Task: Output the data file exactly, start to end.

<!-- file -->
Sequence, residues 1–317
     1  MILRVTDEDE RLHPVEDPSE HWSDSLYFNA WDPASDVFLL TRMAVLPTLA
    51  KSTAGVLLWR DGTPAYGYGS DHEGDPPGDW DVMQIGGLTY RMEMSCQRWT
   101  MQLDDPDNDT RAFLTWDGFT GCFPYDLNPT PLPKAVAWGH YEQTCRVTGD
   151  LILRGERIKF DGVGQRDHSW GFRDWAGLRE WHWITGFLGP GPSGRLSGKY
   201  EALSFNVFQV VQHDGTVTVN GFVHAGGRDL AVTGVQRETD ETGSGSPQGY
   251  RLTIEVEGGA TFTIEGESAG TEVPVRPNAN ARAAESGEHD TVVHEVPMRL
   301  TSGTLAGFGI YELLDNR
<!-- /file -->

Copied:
Sequence, residues 1–317
     1  MILRVTDEDE RLHPVEDPSE HWSDSLYFNA WDPASDVFLL TRMAVLPTLA
    51  KSTAGVLLWR DGTPAYGYGS DHEGDPPGDW DVMQIGGLTY RMEMSCQRWT
   101  MQLDDPDNDT RAFLTWDGFT GCFPYDLNPT PLPKAVAWGH YEQTCRVTGD
   151  LILRGERIKF DGVGQRDHSW GFRDWAGLRE WHWITGFLGP GPSGRLSGKY
   201  EALSFNVFQV VQHDGTVTVN GFVHAGGRDL AVTGVQRETD ETGSGSPQGY
   251  RLTIEVEGGA TFTIEGESAG TEVPVRPNAN ARAAESGEHD TVVHEVPMRL
   301  TSGTLAGFGI YELLDNR